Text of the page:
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Welded joints, corrosion

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Published: 01 January 2006
Fig. 5 If a weld joint separates as a result of corrosion, it is difficult to repair to its original structural integrity. Courtesy of the NRPA NPSI More
Series: ASM Handbook
Volume: 2A
Publisher: ASM International
Published: 30 November 2018
DOI: 10.31399/asm.hb.v02a.a0006500
EISBN: 978-1-62708-207-5
... Abstract This article focuses on friction stir welding (FSW), where frictional heating and displacement of the plastic material occurs by a rapidly rotating tool traversing the weld joint. Much of the research activity early on pertained to issues related to understanding the process...
Series: ASM Handbook
Volume: 6
Publisher: ASM International
Published: 01 January 1993
DOI: 10.31399/asm.hb.v06.a0001428
EISBN: 978-1-62708-173-3
... compatibility. Selection should be based on the strength required, service environment, or the cost of the welding product. Table 5 lists the recommended filler metals to use when welding numerous dissimilar metal combinations. Welding products for dissimilar-metal joints between nickel-base corrosion...
Series: ASM Handbook
Volume: 6
Publisher: ASM International
Published: 01 January 1993
DOI: 10.31399/asm.hb.v06.a0001414
EISBN: 978-1-62708-173-3
...-alloy steels. As a general rule, the weld metal should be at least equal in strength and corrosion properties to the poorest component in the joint. Additionally, there should be no intermetallic compounds or other phases to degrade the properties of the weld metal. Further, the microstructure must...
Series: ASM Handbook
Volume: 11A
Publisher: ASM International
Published: 30 August 2021
DOI: 10.31399/asm.hb.v11A.a0006808
EISBN: 978-1-62708-329-4
... not involve melting. As shown in Fig. 2 , there are many different processes available for welding metals ( Ref 3 ), and the selection depends on the type of material, geometry, application, cost, and properties targeted at the joint, among others. When metals are welded together, acceptance criteria...
Series: ASM Handbook
Volume: 11A
Publisher: ASM International
Published: 30 August 2021
DOI: 10.31399/asm.hb.v11A.a0006828
EISBN: 978-1-62708-329-4
... clearance, joining position Each of these topics influences wetting and spreading behavior, joint mechanical properties, corrosion resistance, and residual-stress levels. For example, the properties of brazed joints in copper alloys can be degraded if low-melting elements, such as lead, tellurium...
Series: ASM Handbook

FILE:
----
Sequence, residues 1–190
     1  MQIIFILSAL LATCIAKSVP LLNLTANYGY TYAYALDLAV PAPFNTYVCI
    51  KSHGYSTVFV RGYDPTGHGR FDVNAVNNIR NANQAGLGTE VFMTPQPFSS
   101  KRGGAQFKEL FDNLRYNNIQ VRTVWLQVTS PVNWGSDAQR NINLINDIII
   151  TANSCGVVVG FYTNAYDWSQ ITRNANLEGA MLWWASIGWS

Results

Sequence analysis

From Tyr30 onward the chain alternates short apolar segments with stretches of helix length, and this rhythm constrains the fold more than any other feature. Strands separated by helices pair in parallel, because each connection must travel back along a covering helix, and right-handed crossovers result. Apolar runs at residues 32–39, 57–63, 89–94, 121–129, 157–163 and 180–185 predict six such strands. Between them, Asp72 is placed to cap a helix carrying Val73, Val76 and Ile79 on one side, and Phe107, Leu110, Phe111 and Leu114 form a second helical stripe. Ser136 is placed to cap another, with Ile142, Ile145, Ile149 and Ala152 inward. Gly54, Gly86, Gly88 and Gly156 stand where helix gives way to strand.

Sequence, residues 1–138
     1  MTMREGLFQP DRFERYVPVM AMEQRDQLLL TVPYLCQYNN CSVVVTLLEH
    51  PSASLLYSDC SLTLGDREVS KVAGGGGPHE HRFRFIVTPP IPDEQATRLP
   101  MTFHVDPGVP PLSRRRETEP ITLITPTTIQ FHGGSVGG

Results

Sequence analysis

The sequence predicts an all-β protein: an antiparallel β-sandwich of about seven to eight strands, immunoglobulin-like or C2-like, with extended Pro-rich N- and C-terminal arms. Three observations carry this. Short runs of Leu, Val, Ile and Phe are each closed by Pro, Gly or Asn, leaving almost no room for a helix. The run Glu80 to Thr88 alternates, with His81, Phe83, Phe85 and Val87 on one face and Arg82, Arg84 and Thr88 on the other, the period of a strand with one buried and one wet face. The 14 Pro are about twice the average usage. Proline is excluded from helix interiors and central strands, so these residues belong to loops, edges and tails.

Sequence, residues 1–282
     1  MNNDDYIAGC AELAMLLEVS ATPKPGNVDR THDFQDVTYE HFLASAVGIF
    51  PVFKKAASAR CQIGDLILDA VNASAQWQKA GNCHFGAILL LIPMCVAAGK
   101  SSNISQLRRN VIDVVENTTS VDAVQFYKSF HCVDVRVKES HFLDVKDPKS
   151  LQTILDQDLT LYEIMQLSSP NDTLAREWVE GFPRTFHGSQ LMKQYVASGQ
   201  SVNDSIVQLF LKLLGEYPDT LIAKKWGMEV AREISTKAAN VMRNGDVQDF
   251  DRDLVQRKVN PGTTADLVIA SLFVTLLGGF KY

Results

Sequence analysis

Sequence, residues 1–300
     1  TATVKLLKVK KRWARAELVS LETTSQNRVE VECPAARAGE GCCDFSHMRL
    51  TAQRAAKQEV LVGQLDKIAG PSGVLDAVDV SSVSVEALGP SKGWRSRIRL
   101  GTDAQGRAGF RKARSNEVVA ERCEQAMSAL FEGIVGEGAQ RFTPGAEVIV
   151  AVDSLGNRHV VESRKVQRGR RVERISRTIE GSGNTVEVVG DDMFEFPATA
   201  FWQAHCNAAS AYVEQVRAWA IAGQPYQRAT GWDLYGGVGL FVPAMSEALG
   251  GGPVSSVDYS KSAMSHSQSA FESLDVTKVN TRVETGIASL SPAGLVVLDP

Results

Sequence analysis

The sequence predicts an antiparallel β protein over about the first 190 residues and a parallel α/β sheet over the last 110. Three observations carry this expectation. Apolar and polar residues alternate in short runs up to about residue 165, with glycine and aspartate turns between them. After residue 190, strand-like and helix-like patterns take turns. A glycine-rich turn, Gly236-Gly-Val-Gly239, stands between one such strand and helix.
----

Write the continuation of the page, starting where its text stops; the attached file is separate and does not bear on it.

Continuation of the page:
Volume: 11A
Publisher: ASM International
Published: 30 August 2021
DOI: 10.31399/asm.hb.v11A.a0006822
EISBN: 978-1-62708-329-4
... to the upstream and downstream girth welds, and position and orientation relative to the long-seam weld Dimensional analysis to confirm and document pipe diameter, wall thickness and roundness, and measurement of the extent of corrosion or mechanical damage (if present). Dimensional analyses may include...
Series: ASM Handbook
Volume: 7
Publisher: ASM International
Published: 30 September 2015
DOI: 10.31399/asm.hb.v07.a0006119
EISBN: 978-1-62708-175-7
...), precautions must be taken to avoid several other types of corrosion that may result from the welding process. Weld joints should be designed to avoid potential sites for crevice corrosion. Materials susceptible to stress-corrosion cracking (austenitic stainless steels in particular) should be given a stress...
Image
Published: 01 January 2006
Fig. 4 Corrosion pillowing on aircraft skin at joint. Aluminum alloy 2024-T4 skin is joined to doubler by spot welding and with fasteners (2017-T3). Rivet holes for the lap joint are seen in the lower (inside) portion of the joint. More
Series: ASM Handbook
Volume: 6
Publisher: ASM International
Published: 01 January 1993
DOI: 10.31399/asm.hb.v06.a0001418
EISBN: 978-1-62708-173-3
... a positive attribute when considering weldability, because many of the alloy additions needed for precipitation hardening (for example, copper plus magnesium, or magnesium plus silicon) can lead to liquation or hot cracking during welding. In addition, joint efficiencies are higher in non-heat-treatable...
Series: ASM Handbook
Volume: 6A
Publisher: ASM International
Published: 31 October 2011
DOI: 10.31399/asm.hb.v06a.a0005567
EISBN: 978-1-62708-174-0
... a weld by heating two or more workpieces to the welding temperature and forcing them through an extrusion die. This article illustrates typical joint configurations used for manual and automatic forge welding applications. It provides information on the common metals welded by coextrusion welding...
Series: ASM Handbook
Volume: 6A
Publisher: ASM International
Published: 31 October 2011
DOI: 10.31399/asm.hb.v06a.a0005622
EISBN: 978-1-62708-174-0
... such as sulfur in the base material, especially in austenitic stainless steels (lower part of Fig. 1 ). To overcome these problems and reduce the cost of fabrication and construction of a variety of products, the Edison Welding Institute (EWI) and the National Joint Council ( Ref 1 , Ref 2 , 3 ) developed...
Series: ASM Handbook
Volume: 6
Publisher: ASM International
Published: 01 January 1993
DOI: 10.31399/asm.hb.v06.a0001441
EISBN: 978-1-62708-173-3
... welding (LBW) Friction welding (FRW) Resistance welding (RW) Resistance spot welding (RSW) Resistance seam welding (RSEW) The selection of a welding process depends on several factors: weld joint, tensile and corrosion-resistant property requirements, cost, and design configuration...